Here’s a report from an IoE student, about last week’s demo against Michael Gove, Tory minister in charge of destroying the UK’s schools.
Having seen the protest posted on facebook, I went along last Saturday fuelled by hatred for Michael Gove, pleased to go and meet fellow haters and share my disgust that he would be invited to my university. I also booked a ticket to the all-day event at which he was the opening speaker.
It was a small but vocal demo, with members of the IoE branch of UCU joined by students, teachers, and members of the Anti-Academies Alliance, who had their new ‘Gove-buster’ suits, with which they intend to harass him wherever he goes. The majority of the conference attendees were forced to wait in the rain as sponsors of the event and exhibitors (mainly private education companies) were allowed in first. This provided a supportive audience for our armfuls of flyers and information, and appreciation for our home-made Gove puppet (‘you might think from his policies that this man is evil, but he is merely a puppet, with academy chains and private education companies pulling the strings…’).
The event itself, an all day ‘Festival of Education’, was organised by ARK (the UK’s biggest Academy chain, set up by hedge-fund managers, along with TES and the IoE, with a large amount of sponsorship coming from the growing private education industry. If there was any doubt about the real motives behind the Academies programme, this event made it pretty clear, with the privatisation agenda well-represented in almost every session, including titles such as “does it matter if education makes a profit?” Currently there is little appetite for staight-up profit-making schools and the academy chains are having to make do with paying massive salaries to top management; outsourcing even more aspects of school life such as training, SEN support, consultancy etc; and undermining pay and conditions agreements, as well as financial shenanigans. However, there is a quite transparent pro-privatisation agenda that hopes for much more, and which the academies programme has taken a huge leap towards. This corporate arms-fair style event is clearly the future of education in Gove’s hands, and it is disgusting that the Institute of Education allowed such an event to happen on its premises given that Gove’s policy model repeatedly seeks to ignore academic education research in favour of the findings of his friendly policy think-tanks.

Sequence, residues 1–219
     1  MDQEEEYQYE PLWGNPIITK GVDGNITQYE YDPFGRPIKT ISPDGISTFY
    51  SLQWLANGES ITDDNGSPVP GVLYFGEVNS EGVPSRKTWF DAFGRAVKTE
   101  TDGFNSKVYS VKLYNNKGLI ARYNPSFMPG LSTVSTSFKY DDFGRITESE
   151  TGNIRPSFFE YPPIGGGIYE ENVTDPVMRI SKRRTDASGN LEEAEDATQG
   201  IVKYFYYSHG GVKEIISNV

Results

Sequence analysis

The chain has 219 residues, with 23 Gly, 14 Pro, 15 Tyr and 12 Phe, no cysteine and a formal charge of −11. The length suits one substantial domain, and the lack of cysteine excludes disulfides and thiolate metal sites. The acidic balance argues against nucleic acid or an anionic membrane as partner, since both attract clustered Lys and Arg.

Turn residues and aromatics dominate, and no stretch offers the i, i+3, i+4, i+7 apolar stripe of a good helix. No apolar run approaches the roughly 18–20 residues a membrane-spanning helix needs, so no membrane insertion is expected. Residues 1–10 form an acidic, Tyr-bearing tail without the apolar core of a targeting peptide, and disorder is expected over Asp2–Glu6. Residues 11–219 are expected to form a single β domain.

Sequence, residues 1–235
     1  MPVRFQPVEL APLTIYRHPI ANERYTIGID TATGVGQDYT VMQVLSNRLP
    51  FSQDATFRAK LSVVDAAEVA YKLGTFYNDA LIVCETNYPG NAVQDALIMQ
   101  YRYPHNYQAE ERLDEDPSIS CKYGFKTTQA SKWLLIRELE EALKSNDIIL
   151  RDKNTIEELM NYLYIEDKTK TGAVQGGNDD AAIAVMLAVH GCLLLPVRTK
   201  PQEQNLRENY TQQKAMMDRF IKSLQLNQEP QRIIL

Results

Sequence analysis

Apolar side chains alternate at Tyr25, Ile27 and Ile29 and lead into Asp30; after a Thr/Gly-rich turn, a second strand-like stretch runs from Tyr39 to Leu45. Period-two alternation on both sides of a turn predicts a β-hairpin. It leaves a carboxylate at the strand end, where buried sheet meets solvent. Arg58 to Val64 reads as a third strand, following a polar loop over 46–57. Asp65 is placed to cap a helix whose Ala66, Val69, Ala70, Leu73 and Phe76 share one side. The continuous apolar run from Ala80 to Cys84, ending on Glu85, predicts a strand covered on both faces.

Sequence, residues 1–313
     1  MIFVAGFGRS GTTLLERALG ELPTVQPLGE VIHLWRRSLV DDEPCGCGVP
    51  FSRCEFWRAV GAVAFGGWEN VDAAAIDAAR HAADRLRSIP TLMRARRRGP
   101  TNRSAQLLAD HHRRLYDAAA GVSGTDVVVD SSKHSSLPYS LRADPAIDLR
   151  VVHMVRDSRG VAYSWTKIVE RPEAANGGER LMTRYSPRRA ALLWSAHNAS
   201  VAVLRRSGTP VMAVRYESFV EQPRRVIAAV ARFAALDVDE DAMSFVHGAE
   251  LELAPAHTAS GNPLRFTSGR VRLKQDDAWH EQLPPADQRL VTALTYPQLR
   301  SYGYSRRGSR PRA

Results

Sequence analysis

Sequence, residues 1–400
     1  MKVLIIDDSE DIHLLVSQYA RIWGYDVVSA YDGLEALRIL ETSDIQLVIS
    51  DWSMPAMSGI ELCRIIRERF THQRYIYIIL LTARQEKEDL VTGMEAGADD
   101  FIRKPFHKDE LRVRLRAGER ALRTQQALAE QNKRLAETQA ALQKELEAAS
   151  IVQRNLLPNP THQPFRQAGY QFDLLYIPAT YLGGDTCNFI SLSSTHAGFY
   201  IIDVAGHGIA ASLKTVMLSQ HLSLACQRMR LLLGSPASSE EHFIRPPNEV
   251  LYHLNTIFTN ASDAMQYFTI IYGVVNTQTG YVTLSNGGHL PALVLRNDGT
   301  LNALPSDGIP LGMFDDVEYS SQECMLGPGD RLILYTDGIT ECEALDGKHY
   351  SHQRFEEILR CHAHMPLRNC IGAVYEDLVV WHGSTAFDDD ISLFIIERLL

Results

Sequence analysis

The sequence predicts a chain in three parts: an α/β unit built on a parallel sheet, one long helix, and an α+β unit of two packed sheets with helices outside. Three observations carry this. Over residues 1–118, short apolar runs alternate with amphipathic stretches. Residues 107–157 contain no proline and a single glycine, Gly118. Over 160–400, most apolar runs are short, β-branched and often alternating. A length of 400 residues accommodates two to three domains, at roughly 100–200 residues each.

It was heartening at least to know that I am not alone in my opposition. As Gove walked on, I was definitely not the only person booing, as Gove’s cosy interviewer David Aaranovitch was forced to acknowledge and try to make an awkward joke of it. When it came to questions and Gove was forced off his cautious script, the hostility felt by the audience became clear, with widespread heckling, derisive laughter, and outrage as he tried to tell an audience mainly made up of teachers that current teaching standards weren’t up to scratch. It was exciting to be in a room of so many people who shared my hatred for this scourge, but also disappointing, as one woman said to me afterwards, why did we listen at all, why weren’t we throwing eggs?